GRAND CROSSING — Cast members Phor Brumfield and Van Johnson from VH1’s “Black Ink Crew” shared with Hirsch High School students Monday the importance of finishing school and how far art can take them.
Johnson grew up in Auburn Gresham; Brumfield grew up in Avalon Park. The two explained to their young audience how they turned their passion for art led to their current careers.
“I’ve been drawing for as long as I can remember,” Brumfield said.
The Chicago-based reality show focuses on the daily operations and issues that occur in 9MAG, a black-owned tattoo shop at 2150 S. Canalport Ave. Season two premiered in October.
Hirsch administrator Briana Bryson said she invited the cast to speak to the students because she wanted them to see what they can do with an art background.
“The kids don’t really appreciate art, and they don’t know the extent to where they can take it,” she said. “I thought it was important that these guys grew up on the South Side, they’re from the same hood, and they made it. They overcame obstacles and ended up on TV.”
VH1’s “Black Ink Crew” cast members Phor Brumfield and Van Johnson visits Hirsch High School. [Photo/Andrea V. Watson]
About 80 students filed into the auditorium to listen to the tattoo artists share how they broke into the industry and encourage the kids to stay focused on whatever it is they’re passionate about.
Questions included, “How much do you charge?”
Johnson said $200 an hour.
Others wanted to know what inspired them.
Johnson, who said he always took art seriously, told the students a mentor suggested that he give tattooing a try because he was already gifted at drawing and painting. He said he had been painting shoes and designing clothes for years.
His path wasn’t easy though, he said. He spent some time in jail, and when he got out, he wanted to help take care of his family.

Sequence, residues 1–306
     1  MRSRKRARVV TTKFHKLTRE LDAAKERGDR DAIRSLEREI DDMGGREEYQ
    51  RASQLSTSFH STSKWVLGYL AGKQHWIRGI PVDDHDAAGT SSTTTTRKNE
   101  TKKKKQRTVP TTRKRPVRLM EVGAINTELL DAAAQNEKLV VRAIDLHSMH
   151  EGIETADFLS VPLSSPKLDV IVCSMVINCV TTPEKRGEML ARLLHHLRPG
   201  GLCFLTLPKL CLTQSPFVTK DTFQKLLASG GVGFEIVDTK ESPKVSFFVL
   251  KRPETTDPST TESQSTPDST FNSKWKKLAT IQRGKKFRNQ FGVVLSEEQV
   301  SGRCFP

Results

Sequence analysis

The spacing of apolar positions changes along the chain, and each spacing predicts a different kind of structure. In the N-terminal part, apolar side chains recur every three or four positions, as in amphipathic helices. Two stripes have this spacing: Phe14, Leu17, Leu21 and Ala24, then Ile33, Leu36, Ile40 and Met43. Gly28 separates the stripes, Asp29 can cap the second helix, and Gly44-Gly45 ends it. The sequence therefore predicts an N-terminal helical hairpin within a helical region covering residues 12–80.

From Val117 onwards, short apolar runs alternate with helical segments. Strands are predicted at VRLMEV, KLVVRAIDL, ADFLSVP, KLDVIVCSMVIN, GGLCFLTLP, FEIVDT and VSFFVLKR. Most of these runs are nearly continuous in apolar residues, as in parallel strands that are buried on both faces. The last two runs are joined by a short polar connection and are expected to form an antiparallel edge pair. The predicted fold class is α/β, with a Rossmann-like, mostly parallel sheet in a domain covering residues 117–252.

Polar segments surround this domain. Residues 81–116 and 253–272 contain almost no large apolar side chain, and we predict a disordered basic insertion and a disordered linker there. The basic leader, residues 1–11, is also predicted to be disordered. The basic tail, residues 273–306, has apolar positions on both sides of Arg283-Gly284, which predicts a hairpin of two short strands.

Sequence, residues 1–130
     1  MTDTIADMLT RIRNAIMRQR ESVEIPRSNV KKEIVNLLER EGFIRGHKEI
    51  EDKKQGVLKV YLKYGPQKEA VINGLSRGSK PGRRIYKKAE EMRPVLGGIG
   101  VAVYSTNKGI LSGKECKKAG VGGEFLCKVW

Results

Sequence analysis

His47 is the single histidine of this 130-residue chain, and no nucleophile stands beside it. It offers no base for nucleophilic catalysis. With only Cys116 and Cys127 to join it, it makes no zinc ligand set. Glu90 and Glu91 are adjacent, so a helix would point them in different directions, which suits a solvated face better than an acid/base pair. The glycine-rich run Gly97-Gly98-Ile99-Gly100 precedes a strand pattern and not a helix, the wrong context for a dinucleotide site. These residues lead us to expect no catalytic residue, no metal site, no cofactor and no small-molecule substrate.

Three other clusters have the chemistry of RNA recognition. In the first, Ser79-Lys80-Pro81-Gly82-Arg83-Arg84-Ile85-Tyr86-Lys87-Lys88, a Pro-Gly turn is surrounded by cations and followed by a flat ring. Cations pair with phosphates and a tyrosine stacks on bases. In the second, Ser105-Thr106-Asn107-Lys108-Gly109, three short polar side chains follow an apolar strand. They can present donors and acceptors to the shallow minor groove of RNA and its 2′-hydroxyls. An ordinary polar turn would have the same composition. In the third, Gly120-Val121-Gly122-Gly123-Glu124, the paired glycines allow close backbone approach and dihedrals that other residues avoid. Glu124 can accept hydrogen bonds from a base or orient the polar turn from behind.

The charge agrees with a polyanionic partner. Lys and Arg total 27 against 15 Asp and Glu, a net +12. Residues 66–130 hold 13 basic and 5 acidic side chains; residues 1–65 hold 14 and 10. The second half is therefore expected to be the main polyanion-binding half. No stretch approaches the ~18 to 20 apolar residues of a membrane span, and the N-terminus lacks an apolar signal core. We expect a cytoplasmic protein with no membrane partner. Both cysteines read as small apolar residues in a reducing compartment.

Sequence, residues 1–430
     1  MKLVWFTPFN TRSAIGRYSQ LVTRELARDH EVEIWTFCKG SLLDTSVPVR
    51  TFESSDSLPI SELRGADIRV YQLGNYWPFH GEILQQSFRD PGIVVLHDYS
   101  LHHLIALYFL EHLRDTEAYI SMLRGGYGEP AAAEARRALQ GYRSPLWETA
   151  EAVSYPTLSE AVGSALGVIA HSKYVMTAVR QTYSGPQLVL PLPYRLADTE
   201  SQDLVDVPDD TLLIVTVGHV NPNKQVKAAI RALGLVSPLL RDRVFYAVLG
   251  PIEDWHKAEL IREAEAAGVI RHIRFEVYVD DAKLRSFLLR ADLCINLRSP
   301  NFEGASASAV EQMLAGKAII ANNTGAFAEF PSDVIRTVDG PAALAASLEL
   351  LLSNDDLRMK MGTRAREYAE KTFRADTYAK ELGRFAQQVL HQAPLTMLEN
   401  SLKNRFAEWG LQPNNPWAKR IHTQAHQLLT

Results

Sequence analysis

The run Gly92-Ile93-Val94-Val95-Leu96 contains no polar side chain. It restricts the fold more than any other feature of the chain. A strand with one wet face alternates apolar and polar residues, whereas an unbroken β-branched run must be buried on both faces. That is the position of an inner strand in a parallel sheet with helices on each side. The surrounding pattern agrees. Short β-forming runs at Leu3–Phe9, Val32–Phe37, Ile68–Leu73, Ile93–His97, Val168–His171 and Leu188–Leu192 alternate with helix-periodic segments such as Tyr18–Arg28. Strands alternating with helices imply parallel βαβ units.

“Art skills never die out, so I jumped into tattooing,” Johnson said. “It afforded me to be able to take care of my family.”
Brumfield also started out drawing and designing shoes and shirts.
“The tattoo thing just kind of fell into my lap,” he said. “I’ve always been a crafty, artist type of dude.”
He said he almost didn’t graduate from high school and that college wasn’t for him. He knew he didn’t like working for people, so he forged a career path that let him work for himself.
Both guests stressed the importance of at least finishing high school and staying focused.
“I’m rooting for you all, because I see the potential,” Brumfield said, before delivering a sober reminder: “People [are] getting killed out here. I just lost a friend. Tomorrow isn’t promised.”
The students said they appreciated the guests' honesty.
Beyonca Mason, 17, said she loved their energy and the relatable stories they shared.
“One guy said he didn’t like school, and I don’t like it either, but he said he made it, so it encouraged me to do more things with my life,” she said.
Student Sabrina Eseon, 17, said she appreciated the guests' “realness.”
“They spoke the truth, and they weren’t conceited at all,” she said, adding that she feels more encouraged about her future as long as she stays focused in school.
Principal Larry Varn said it’s always a positive experience when young people can interact with successful people who have come from where they are now.
“Even though they didn’t attend Hirsch, they came from the community here,” he said. “So I’m, one, grateful they were able to come back and give to the community that gave so much to them; and, two, I’m grateful that our students had the opportunity, to see, to hear what can be possible even though you come from Grand Crossing.”
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